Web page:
This post is in the Researchers category

One of the primary frustrations encountered throughout this research was a lack of academic writing, in both the music and psychology literature, that included the extended perspectives of the human subjects being studied.  This perspective is not absent, but tends to be limited to a few sentences that illustrate the point being made by the observer-expert.  This made it quite difficult to compare my own experiences of music making and creative processes to others, and much of my insights were initiated through discussions with colleagues.

For example, early in the research period I initiated a “water-cooler” conversation with a colleague;

“I had one of those nasty out-of-time-hearing-experiences last night”

Blank look – “What do you mean?”

“You know, when time gets all chopped up and out of sequence…”

More blank look – “no…, don’t know that one …”

“Like hearing through hammered glass…”

“Ok you’d better tell me about this”

After this experience I went back to the literature, looking for sensory anomalies, and found surprisingly little in terms of descriptions by the person experiencing them.   A similar story surrounds my discovery of my own non-emotional engagement with music. I found several references that “many people with autism report not being moved by music” but very little about what they think about how they perceive it. No one ever tells you what they perceive without prompting, so how do you know that your own experiences are normal, different or unique?

In the arena of autism research, this study suggests that experiencing emotion during a creative process of music making is possible for me and that the emotion is transmitted effectively, despite my alexithymia.  The relationships between the experience, recognition and expression of emotion are still very unclear, but I suspect that further research with as opposed to of autistic individuals will yield some of the answers.  The cry of “nothing about us without us” is raised again.

In his foreward to Linda Andron’s book Our Journey Through High Functioning Autism and Asperger Syndrome (2001), Tony Attwood draws attention to the idea that assisting people with ASD is about sharing, and finding ways to enter the world of the autistic person but also to enable that person to “identify and have recognized his or her unique qualities”.  It is not possible to recognise uniqueness without comparing it to the “normal”. I would encourage researchers to seek first hand knowledge from autistic adults and adolescents through autoethnographic means as opposed to short answer and tick the box “scales”.  The people you talk too, who write for you, also need to know about your “normal” experiences. Describe your own world because, especially if  Theory of Mind is an issue, they may not know just how different they are, and therefore not realise that it is of interest.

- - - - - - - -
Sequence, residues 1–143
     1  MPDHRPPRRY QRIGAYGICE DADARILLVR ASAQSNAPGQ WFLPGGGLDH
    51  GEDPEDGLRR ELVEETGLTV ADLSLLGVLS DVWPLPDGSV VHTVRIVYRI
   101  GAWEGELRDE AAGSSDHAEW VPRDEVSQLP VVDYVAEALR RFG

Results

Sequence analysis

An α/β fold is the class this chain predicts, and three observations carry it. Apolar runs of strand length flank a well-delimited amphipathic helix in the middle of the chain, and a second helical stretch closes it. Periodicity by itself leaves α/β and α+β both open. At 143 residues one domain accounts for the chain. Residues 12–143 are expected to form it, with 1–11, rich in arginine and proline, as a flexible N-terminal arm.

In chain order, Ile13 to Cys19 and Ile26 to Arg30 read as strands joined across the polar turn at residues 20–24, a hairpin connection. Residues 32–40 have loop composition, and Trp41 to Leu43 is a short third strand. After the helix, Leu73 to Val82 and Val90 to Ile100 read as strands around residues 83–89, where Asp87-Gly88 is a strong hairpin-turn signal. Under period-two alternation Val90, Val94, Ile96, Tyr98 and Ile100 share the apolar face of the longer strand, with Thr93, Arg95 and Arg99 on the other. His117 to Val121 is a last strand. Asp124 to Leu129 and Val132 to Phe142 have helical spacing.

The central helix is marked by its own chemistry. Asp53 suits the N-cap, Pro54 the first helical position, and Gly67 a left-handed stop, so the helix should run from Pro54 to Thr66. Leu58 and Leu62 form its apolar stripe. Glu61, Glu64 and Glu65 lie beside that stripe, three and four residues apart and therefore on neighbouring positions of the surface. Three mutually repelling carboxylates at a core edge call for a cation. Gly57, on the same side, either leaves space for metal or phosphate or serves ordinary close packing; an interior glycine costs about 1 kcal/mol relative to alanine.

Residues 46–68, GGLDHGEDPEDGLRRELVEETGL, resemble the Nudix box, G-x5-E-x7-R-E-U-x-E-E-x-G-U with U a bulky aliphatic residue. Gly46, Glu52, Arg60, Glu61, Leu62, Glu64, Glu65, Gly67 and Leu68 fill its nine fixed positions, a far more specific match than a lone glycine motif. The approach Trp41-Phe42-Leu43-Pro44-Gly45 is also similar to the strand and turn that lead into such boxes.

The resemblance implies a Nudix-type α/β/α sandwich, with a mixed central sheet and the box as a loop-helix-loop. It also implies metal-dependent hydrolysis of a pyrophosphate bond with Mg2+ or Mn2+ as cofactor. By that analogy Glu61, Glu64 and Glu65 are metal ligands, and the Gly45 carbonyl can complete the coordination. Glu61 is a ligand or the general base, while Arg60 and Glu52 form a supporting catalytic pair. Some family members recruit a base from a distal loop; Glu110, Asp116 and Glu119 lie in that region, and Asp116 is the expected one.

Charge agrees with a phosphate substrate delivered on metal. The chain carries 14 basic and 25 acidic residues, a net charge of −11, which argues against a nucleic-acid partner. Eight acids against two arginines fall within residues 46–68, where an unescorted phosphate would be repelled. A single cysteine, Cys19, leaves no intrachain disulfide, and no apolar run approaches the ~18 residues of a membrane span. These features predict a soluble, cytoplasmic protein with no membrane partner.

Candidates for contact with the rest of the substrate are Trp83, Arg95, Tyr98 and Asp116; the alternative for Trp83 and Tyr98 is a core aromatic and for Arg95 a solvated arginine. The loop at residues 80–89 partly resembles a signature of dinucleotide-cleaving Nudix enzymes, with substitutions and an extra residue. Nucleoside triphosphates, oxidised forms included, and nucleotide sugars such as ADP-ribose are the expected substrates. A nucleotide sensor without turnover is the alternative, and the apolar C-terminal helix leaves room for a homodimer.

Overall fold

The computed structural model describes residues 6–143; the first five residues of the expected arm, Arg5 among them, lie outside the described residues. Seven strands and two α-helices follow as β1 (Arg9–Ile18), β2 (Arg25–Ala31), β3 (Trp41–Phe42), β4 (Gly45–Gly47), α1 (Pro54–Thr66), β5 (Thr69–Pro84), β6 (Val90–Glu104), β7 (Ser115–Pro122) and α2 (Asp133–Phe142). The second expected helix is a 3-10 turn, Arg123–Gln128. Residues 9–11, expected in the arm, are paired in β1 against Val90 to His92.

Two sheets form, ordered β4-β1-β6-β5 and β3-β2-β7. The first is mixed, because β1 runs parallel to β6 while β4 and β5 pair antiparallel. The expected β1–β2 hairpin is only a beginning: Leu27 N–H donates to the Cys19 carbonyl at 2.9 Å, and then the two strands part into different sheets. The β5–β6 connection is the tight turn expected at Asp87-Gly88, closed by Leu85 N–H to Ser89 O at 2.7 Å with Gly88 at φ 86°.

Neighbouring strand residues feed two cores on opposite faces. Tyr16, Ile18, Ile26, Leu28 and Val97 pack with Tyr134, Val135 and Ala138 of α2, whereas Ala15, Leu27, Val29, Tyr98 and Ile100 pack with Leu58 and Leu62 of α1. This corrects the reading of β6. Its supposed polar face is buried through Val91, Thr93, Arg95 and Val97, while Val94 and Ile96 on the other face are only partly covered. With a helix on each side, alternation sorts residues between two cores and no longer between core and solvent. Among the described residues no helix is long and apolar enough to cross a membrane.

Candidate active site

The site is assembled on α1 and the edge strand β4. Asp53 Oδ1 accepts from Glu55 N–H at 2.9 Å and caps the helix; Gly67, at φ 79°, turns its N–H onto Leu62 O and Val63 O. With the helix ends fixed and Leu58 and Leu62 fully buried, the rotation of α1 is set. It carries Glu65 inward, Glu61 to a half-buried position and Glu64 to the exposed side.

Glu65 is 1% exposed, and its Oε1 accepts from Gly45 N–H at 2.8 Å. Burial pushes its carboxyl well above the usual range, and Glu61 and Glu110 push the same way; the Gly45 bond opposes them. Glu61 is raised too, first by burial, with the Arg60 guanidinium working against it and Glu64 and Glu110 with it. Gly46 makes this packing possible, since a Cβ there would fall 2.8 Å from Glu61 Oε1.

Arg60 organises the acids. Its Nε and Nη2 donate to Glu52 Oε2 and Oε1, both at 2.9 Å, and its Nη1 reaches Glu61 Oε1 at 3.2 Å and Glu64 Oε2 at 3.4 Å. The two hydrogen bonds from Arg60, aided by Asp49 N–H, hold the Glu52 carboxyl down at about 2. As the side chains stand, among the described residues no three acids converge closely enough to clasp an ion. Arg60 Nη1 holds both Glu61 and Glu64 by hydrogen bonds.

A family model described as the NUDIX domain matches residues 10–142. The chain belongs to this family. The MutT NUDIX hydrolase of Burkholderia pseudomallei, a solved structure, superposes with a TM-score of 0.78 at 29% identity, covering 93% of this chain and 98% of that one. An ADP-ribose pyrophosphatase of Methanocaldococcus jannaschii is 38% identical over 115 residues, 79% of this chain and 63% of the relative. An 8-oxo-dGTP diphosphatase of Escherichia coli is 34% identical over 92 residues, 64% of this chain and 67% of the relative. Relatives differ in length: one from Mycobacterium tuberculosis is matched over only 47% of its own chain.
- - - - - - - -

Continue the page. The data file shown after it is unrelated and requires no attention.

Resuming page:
The method of my study has taken a very specific path through the experiences of one person, and attempted to present that experience to others for analysis and comparison.  Access to other individuals with a similar cognitive profile may open up avenues for further research that this study has begun to explore,  including:

  • The relationship between social empathy and musical empathy. In my own situation, a lack of social cognitive empathy, a difficulty in perceiving the emotional states of others, co-exists with a difficulty in perceiving emotion in music.  In both cases, knowledge of the “required” emotion through cognitive or other sensory means eg. layers of meaning in drama or cognitively analysed body language, can convert into internal feelings.
  • The value of music-making as training medium for the balancing of local and global functioning. Enhanced Perceptual Functioning may have a causal or mechanistic relationship to the symptomolgy that led to Enactive Mind Theory. It is possible that music making may provide a platform for study of this relationship.
  • The relationship between alexithymia and musical empathy. The concept of alexithymia is that emotions are experienced but not cognitively recognised and therefore can not be described in words.  I certainly fit that concept much of the time.  However my study indicates that felt, and recognised emotion can be induced cognitively during the composition process and transmitted reasonably accurately, despite this. This implies that the cognitive understanding may be trained to recognise and reproduce emotional affect, and is the central idea behind the Virtual Heart.
  • Further study of the relationship between being fascinated or aroused by music, and moved by it.  Is there a relationship to Type II alexithymia here?
  • Sensory anomalies including fractured hearing, narrowing of field of vision, earworms and the shutting down of one or more senses in circumstances of overload, are aspects of the autism experience that are largely unexplored.

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